Final Marathon

by Marina Symcox

April 28, 2001

Seven months ago I could barely walk a few steps. There were two occasions when something happened so that I could not coordinate my right leg. For days I needed a walker to move from my bed to the bathroom. I was dying from late stage soft tissue sarcoma. Then came news of STI-571, followed by a hard pilgrimage to Portland Oregon from a little town I like to call Bristow America. I failed the blood test requirements for the clinical trial the first time, and Dr. Blanke gave me a second chance to pass the test two days later. I passed ever so slightly. Dr. Blanke admitted me to the trial. He told me recently that he had been tenuous and worried about me starting the trial. I was in terrible condition. But then some orange pills, containing a derivative of 2-phenylaminopyrimidine, changed my life.

Tomorrow is the Inaugural Oklahoma City Marathon. The event shall honor victims of the bombing of the Murrah Federal Building, and the theme is Celebrate Life. In April 1995, I worked at the University of Oklahoma Health Sciences Center, a mile from the bombing site. From my west facing 9th floor window, I could see the gaping remains of the Federal Building, which had become a familiar grim image on television. I could see the boom of a crane covered with state flags from all over the nation. Occasionally, the crane would sweep across the dark hull of the Federal Building, and I knew it was moving slabs of wreckage so crews could search for victims. To the southeast, I could see the office of the Oklahoma Medical Examiner. This structure was once such a nondescript feature of my cityscape. But in April 1995, it was surrounded with police barricades, law enforcement vehicles and refrigeration trucks. My co-workers knew stories about people who had been near the bombing site. A medical student who frequented the Biochemistry Department told stories of helping in the coroner’s office. The morning newspapers circulating in my laboratory documented a daunting parade of dead faces, but I didn’t know any of those people. The radio-station playing in my laboratory explained to listeners where to donate supplies for the rescue crews, but I didn’t have any of those things. I witnessed the morbid drama, but the distance of a 9th floor view sanitized my experience.

As for me, I was busy collecting data about mutants of cAMP-dependent Protein Kinase. I had my own postdoctoral funds, and things looked good. I was pregnant, and had a faculty job waiting for me at the University of Tulsa. I spent most of my day thinking about biochemistry and not about the images through my 9th floor window. In the spring of 1995, I hadn’t heard of another protein kinase named Kit, and so I had no clue that a catastrophe of c-kit lurked in my gut. I never thought about getting cancer while in my 30’s, and so I had no idea that I was approaching a personal nightmare.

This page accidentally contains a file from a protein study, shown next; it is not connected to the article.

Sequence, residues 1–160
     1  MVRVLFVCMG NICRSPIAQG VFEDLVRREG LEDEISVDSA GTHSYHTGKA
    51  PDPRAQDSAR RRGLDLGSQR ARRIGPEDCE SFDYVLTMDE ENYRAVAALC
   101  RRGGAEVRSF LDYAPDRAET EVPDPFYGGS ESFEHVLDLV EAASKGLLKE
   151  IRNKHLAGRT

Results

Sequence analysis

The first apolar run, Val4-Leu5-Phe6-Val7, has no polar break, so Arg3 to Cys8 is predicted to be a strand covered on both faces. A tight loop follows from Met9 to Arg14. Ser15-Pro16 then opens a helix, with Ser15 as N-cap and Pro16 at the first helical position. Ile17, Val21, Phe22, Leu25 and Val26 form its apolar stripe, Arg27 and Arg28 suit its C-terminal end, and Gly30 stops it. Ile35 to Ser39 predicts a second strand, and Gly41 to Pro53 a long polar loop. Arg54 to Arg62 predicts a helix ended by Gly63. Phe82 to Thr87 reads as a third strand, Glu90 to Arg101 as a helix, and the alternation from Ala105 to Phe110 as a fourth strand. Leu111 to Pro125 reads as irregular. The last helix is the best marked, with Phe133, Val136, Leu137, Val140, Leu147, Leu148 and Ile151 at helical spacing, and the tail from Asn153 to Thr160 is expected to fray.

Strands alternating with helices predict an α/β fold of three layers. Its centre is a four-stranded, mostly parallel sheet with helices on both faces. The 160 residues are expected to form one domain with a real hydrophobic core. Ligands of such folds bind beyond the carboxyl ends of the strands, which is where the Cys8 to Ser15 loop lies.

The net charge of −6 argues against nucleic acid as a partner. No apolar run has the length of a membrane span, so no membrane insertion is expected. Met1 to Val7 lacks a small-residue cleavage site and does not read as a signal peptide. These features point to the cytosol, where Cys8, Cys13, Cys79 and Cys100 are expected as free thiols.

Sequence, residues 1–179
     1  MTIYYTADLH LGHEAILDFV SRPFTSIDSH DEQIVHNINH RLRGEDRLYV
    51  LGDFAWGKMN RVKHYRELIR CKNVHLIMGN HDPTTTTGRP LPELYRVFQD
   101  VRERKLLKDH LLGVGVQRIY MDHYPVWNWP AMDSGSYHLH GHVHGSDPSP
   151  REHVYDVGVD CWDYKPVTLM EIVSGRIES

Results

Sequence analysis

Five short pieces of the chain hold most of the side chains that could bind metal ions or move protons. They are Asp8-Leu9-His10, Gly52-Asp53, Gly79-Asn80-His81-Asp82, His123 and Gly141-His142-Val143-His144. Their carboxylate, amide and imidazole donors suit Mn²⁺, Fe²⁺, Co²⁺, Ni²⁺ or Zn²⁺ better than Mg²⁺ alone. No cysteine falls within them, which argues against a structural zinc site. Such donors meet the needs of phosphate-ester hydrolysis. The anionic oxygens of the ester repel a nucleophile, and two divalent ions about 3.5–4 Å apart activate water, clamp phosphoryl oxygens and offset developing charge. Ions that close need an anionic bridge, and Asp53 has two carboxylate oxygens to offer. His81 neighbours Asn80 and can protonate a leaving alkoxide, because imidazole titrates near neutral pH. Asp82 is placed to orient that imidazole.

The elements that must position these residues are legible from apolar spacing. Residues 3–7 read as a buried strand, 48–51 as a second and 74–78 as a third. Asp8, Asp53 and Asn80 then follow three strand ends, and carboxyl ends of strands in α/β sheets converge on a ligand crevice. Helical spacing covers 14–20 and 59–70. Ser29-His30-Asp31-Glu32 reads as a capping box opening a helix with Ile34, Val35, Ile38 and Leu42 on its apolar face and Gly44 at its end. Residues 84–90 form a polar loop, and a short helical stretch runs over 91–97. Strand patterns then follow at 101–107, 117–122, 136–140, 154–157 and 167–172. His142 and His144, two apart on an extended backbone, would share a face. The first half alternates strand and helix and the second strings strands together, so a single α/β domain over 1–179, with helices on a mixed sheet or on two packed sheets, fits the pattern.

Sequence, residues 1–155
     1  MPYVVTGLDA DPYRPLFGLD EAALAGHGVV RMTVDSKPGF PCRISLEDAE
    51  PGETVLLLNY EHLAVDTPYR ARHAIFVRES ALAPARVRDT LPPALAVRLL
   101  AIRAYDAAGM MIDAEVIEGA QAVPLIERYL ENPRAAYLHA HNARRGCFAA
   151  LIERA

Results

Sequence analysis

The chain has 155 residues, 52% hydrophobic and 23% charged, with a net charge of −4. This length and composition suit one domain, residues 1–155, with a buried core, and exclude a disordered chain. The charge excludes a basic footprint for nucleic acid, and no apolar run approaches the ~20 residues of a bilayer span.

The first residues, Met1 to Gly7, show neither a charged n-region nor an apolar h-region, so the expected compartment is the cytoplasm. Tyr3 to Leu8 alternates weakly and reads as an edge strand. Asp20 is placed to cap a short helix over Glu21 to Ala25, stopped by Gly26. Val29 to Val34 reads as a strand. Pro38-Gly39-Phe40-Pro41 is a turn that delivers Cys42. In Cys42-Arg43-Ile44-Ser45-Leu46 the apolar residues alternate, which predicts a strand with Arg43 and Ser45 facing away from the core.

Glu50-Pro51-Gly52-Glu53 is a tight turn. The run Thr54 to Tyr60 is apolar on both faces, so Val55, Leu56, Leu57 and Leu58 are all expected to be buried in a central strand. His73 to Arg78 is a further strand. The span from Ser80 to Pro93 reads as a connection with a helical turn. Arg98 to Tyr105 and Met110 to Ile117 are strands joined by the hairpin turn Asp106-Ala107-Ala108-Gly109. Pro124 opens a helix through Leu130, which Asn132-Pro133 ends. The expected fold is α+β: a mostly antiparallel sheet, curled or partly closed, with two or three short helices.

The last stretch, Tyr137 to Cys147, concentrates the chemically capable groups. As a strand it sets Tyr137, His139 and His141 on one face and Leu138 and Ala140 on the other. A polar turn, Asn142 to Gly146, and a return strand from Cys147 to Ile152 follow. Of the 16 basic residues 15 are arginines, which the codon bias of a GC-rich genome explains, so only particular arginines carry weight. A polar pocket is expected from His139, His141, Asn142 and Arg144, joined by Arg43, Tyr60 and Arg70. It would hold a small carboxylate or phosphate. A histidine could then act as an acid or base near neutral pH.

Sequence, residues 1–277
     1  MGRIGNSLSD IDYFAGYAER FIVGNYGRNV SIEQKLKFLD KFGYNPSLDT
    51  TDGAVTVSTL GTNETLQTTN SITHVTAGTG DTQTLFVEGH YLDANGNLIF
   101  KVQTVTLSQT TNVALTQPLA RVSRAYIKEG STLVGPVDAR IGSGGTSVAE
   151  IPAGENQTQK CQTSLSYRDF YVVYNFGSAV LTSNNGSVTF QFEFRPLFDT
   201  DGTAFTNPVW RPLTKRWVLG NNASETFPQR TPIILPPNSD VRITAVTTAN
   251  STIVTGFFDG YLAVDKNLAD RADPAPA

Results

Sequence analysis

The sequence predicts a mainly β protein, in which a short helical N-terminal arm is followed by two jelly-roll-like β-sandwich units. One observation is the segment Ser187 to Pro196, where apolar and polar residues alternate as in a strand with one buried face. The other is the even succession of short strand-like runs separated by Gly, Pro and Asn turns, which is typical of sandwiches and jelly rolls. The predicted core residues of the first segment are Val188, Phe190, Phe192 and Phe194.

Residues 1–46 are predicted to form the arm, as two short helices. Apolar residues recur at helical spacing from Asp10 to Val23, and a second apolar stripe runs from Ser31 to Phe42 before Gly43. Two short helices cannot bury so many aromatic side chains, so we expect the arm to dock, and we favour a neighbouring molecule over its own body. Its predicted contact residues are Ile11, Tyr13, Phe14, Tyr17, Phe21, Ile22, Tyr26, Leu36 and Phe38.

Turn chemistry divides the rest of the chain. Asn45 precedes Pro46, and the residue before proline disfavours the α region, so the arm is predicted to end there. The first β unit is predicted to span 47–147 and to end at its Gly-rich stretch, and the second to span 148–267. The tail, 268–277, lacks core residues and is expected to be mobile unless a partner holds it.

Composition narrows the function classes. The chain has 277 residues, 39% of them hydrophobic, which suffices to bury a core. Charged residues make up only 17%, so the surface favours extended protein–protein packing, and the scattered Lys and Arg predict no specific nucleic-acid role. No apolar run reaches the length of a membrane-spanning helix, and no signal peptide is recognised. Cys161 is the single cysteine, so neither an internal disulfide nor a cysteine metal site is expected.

Five years have passed since I realized that I didn’t want to be a biochemist. Three years have passed since I learned that I had a rare and deadly cancer. Only seven months have passed since I learned about c-kit and that one of its mutants was killing me. During these same seven months, STI-571 began reclaiming me. Today if I read an article about c-kit, I might reflect upon all those hours collecting data about mutants of cAMP-dependent Protein Kinase. It is a period from another world. I am no longer a student of biochemistry. I am a marathoner of adversity. During the past months I have learned lessons about human nature, family bonds, friendships, and about the better side of living in a small town America. I am exquisitely aware of the ephemeral nature of life. Cancer has crushed me and enriched me at the same time. Cancer has brought me some special gifts. One such gift is Kris Wyatt, who tried so hard to give me solace and personal philosophy during my eight months in hospice.

Kris Wyatt runs marathons. I have never learned how to enjoy running, but I have learned about the Gift of Walking. Lately I’ve been walking three miles around the beautiful city lake just a few blocks from my house. Sometimes I can break into a little jog for a short distance. I walk because Kris has marvelous insight and understands symbolism. She has asked me to walk a three-mile segment of her Quad Relay team in the Oklahoma City Marathon. Tomorrow morning I will start at the Oklahoma City Memorial where so many met destiny through an act of inconceivable malice. I will continue near the building where I once studied a protein kinase, and up the boulevard to my state’s Capitol. My destiny has become one of inconceivable good fortune as I walk with STI-571. I will celebrate the Gift of Walking. I will thank Dr. Blanke for sending a Life-Raft to a very sick GIST patient. I will salute the world’s bio-medical researchers, and perhaps most especially to the chemists who designed the molecule of STI-571. I cannot miss the irony of my situation. I used to collect data about a mutant protein kinase, and now I am someone else’s successful data about another mutant protein kinase. There seems to be some kind of symmetry to all of that. I will carry prayers for the families of the bombing victims, though mostly I will embrace my orange pills and the army of people who have rallied around my life. A few of these people are close to me, but most I have never met and have never heard of me. These people have one thing in common–they have brought me the Gift of Walking.